This may seem to contradict the idea presented above that forgiveness is the only requirement for awakening to God. But in truth, forgiveness and joining in a common goal are simply two aspects of a single process. This process is the process of accepting the Atonement: the process of learning that we are not separate from one another, but in fact share a common Identity. Both forgiveness and joining in a common goal affirm a shared Identity, and it doesn't really matter which seems to come first. Any time forgiveness is given and received, a joining will take place; any time a joining takes place, forgiveness will be given and received. The two aspects — forgiveness and joining — occur together.

What forms can a relationship between two people joined in a common goal take? Certainly there are innumerable forms. The goal itself can be anything, as long as it can be truly shared, both by the two people involved in the relationship, and with the entire Sonship. (Thus, goals such as robbing a bank or killing someone cannot be truly shared goals.) But though the forms such a relationship can take are many, both the Psychotherapy supplement and the Course material in general place a special emphasis on one particular form: the relationship between teacher and pupil (or, in the context of psychotherapy, therapist and patient). At one point in our section of Psychotherapy, Jesus says bluntly that some forms that religion can take are essentially worthless if our goal is truly to reach God. But immediately after he says that, he tells us of the one thing that, regardless of the particular form it takes, will guarantee that we reach God: "If pupil and teacher join in sharing one goal, God will enter into their relationship because He has been invited to come in" (P-2.II.5:3).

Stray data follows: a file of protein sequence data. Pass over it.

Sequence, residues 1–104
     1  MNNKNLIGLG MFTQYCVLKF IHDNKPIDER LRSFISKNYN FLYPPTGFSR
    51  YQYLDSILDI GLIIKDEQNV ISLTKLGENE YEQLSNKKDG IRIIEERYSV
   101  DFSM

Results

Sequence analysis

This is a truly amazing statement. What it suggests to me is that the wellspring of true religion is not beliefs, rituals, ethics, physical edifices, holy places, institutions, clerical hierarchies, or any of the other external trappings we normally associate with religion. Rather, the wellspring of true religion is the relationship between the teacher of a path of awakening and his or her pupil. This relationship is the place in which both forgiveness and joining, the twin aspects of true religion, are born. This relationship is and has always been the true temple of God at the heart of every religion, whatever that religion's outward forms. This relationship is the true bringer of enlightenment, the beacon of salvation that has shone in and through all the great religions of the world.